Thursday, January 28, 2010

Inventory Your Contents with Evernote

One of the most difficult claims to suffer from a property stand point (meaning building and/or contents) is a total loss on a home or business. By total loss I mean that either a fire or tornado has leveled your home or business and there is nothing left but debris. One of the reasons this can be so difficult is that it is very daunting to try and remember all that was in your home or business as well as document all that was inside the building prior to the insurance loss.

There are a number of specialty software’s out there that help individuals and business inventory their belongings, and we recommend any that you find useful and user friendly. However, there is another way to help you document your personal and business belongings. I have found a very useful website called Evernote ( I use it as my cyber file cabinet. The system allows you to upload documents (i.e., PDFs, Word Documents, etc), pictures, voice memos, emails and any notes you wish to directly type into their system. All of this is then securely stored over the web and can be accessed from anywhere. Where I find this website useful, when it comes to creating an inventory, is that I can take a picture of every room in my home or office and store it in a location that I can always get access to it. Prior to Evernote, we used to encourage clients to take pictures and store them at a secondary location but this way everything is digital and accessible from anywhere. So if you had a claim at your location, all you would have to do is log into Evernote from a computer and email all your pictures to the insurance adjustor. That way they will see all that they need to help replace in your home.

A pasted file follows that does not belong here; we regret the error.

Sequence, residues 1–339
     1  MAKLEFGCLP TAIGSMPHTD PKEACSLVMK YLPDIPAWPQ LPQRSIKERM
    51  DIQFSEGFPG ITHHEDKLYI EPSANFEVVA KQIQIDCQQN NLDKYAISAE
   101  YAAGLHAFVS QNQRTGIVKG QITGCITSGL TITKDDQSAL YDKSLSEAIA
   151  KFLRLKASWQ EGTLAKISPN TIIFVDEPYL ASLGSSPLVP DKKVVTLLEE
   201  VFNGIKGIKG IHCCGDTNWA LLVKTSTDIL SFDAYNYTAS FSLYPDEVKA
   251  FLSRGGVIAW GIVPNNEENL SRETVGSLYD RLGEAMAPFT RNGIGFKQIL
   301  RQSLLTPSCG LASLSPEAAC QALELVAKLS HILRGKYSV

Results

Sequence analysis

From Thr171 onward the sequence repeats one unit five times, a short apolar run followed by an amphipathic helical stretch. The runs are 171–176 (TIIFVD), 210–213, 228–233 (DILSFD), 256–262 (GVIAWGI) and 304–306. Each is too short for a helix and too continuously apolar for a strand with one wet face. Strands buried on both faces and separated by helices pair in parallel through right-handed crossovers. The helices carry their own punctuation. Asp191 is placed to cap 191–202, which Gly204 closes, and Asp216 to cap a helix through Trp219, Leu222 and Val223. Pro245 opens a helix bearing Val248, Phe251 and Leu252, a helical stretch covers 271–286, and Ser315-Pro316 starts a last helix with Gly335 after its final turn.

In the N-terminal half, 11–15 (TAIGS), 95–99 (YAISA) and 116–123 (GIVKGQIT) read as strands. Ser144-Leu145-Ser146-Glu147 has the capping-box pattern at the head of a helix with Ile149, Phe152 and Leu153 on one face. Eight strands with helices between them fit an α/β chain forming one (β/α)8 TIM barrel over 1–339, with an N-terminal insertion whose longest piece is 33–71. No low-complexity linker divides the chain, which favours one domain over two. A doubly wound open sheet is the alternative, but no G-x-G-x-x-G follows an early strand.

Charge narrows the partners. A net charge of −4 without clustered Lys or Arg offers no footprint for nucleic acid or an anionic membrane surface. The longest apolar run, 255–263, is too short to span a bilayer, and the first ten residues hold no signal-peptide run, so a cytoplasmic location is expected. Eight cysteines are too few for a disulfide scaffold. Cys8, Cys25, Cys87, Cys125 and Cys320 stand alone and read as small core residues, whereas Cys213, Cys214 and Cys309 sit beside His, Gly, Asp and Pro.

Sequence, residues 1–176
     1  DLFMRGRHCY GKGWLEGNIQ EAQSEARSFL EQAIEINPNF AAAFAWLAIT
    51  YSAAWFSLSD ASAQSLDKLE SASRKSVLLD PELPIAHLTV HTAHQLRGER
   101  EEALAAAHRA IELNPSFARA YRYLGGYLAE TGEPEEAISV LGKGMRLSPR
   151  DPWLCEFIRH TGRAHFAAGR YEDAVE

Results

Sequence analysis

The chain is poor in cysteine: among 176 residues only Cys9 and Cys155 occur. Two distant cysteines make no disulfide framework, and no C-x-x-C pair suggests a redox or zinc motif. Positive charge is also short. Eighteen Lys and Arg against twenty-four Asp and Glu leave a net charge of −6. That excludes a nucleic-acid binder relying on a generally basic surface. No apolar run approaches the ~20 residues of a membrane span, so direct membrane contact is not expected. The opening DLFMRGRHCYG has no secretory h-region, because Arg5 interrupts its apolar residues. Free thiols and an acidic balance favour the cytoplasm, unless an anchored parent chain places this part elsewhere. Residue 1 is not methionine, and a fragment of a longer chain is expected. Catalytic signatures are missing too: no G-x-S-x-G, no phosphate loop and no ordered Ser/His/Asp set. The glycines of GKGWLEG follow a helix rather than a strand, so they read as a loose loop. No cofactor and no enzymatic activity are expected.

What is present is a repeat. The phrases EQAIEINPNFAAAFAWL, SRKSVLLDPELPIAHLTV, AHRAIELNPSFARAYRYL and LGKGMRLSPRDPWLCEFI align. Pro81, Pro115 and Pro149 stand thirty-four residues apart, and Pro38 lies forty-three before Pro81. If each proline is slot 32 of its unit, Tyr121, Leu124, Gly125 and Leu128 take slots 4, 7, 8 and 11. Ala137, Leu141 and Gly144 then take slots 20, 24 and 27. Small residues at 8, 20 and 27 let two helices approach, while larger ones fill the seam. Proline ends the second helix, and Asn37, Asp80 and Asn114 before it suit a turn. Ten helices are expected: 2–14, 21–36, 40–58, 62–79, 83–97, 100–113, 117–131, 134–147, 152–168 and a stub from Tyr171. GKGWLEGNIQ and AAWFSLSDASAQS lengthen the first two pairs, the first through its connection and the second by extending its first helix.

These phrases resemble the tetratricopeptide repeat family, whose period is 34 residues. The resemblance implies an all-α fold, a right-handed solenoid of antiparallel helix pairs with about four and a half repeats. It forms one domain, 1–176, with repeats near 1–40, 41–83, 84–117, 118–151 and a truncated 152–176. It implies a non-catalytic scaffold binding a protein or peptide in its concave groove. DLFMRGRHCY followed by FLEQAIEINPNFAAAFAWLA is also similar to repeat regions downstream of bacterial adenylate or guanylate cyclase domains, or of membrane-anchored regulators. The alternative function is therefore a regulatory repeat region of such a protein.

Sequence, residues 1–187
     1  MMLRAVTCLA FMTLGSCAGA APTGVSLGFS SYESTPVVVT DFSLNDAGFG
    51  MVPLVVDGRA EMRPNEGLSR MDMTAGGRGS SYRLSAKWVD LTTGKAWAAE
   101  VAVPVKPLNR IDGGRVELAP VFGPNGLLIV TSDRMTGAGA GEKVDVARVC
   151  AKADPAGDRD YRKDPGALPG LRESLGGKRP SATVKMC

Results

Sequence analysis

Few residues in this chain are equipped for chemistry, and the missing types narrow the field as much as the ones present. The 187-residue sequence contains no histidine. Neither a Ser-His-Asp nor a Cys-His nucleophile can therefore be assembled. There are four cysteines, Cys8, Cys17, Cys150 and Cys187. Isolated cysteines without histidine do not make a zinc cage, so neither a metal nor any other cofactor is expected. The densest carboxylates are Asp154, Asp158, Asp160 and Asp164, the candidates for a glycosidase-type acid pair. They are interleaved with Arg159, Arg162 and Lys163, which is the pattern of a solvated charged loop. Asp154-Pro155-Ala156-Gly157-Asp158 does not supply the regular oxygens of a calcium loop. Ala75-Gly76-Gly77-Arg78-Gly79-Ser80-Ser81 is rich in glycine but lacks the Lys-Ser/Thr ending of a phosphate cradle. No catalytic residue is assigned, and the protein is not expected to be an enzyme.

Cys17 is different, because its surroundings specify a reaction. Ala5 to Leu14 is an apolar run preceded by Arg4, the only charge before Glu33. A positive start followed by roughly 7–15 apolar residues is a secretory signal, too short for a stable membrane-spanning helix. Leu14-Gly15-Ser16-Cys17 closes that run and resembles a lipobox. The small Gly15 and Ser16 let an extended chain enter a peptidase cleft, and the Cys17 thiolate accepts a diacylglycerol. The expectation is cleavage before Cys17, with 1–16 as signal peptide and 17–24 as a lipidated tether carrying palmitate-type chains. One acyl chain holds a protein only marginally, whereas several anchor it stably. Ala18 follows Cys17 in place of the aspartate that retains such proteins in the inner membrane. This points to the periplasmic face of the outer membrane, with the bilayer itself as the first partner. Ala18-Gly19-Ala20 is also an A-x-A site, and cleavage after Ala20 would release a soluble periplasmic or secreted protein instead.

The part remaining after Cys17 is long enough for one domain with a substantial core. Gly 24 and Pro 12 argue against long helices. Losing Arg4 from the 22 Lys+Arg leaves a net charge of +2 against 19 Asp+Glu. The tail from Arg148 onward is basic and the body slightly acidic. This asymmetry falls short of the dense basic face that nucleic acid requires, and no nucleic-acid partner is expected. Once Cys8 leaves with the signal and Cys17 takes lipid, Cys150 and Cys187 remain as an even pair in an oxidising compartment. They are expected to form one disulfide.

My advice on what to take pictures of is as follows: All rooms in the house (including basement, attic and garage), all closets and all cabinets. One thing to note, some items such as Jewelry, Guns, Furs, Stamp Collections, Coins, Money, Silverware and Baseball Cards have limitations in the policy. Be sure to schedule those items on a special insurance rider policy. By the way, any appraisals for jewelry, fine arts, etc. can also be stored on Evernote so you don’t have to worry about them being lost or destroyed.